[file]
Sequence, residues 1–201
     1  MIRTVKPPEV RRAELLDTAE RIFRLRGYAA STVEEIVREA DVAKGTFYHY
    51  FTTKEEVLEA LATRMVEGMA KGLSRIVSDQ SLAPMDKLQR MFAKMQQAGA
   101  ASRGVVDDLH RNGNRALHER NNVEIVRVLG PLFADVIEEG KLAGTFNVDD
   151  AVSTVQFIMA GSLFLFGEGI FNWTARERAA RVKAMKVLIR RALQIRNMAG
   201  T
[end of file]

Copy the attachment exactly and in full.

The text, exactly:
Sequence, residues 1–201
     1  MIRTVKPPEV RRAELLDTAE RIFRLRGYAA STVEEIVREA DVAKGTFYHY
    51  FTTKEEVLEA LATRMVEGMA KGLSRIVSDQ SLAPMDKLQR MFAKMQQAGA
   101  ASRGVVDDLH RNGNRALHER NNVEIVRVLG PLFADVIEEG KLAGTFNVDD
   151  AVSTVQFIMA GSLFLFGEGI FNWTARERAA RVKAMKVLIR RALQIRNMAG
   201  T